they have virtually no money, all of
which goes toward subsistence and the
girls' Catholic education. It's only when
they unexpectedly befriend a reclusive

Clearing gutters, getting by, looking ahead, the day you die.

By Za
Daily A

Courtesy of 20th Century Fox
The greatest movie about coming to America since ... "Coming to America."

that f
son w
for "s

cch Mabee He stretches the imagination significantly and blends
krts Writer magical realism with sheer absurdity to create episodes
that are peculiar and often humorous. The fantasy is
pleasant, and it is plainly clear why Edward Bloom's
stories and personalities are so adored.
me directors really find their niches in Hollywood. With an ever-present, ear-to-ear smile, McGregor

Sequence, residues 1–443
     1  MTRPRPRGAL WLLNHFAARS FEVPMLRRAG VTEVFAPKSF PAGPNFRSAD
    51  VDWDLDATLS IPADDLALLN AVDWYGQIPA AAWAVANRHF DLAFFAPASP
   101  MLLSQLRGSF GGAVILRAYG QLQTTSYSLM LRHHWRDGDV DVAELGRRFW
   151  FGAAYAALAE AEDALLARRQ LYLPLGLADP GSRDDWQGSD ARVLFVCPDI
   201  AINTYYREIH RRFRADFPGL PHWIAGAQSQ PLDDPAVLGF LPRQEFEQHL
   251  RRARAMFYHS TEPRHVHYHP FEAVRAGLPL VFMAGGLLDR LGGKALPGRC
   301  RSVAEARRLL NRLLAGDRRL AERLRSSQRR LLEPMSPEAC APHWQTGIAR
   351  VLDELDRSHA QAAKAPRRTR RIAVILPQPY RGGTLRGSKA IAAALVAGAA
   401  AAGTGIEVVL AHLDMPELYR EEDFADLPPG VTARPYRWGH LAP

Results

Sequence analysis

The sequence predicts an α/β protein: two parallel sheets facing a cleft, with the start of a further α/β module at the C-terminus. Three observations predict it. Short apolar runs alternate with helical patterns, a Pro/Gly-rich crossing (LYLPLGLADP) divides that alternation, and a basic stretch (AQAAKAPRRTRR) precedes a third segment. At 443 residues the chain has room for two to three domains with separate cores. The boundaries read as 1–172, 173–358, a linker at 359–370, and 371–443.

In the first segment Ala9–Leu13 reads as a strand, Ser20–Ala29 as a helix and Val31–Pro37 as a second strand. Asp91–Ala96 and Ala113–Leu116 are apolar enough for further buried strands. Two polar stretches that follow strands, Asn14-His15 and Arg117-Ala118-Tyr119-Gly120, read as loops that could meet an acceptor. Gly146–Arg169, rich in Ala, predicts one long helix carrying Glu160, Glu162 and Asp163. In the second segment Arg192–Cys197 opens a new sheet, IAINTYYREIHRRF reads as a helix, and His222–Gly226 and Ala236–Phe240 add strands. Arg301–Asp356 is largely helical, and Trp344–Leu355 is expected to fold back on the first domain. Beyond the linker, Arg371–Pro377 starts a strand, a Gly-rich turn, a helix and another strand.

comfortably locate homes in certain genres or plays Bloom with over-the-top whimsy, and he is sur-
of filmmaking. Few, however, actually make a rounded by a strong supporting cast. Steve Buscemi
e that brings to fruition their creative goals - one co-stars as a country-bumpkin poet turned bank robber
fully actualizes their potential. Tim Burton has turned Wall Street fin-
y done this with "Big Fish." ancier/adventurer and
rtainly most of his previous works showcased his Danny DeVito joins
dless imagination and directorial acumen, but "Big the cast as an
is the glove designed for his _...__...__ eccentric circus
ve hand; it fits perfectly. ringleader. The
sh" is a tale of a father and ig Fish gaunt Helena Bonham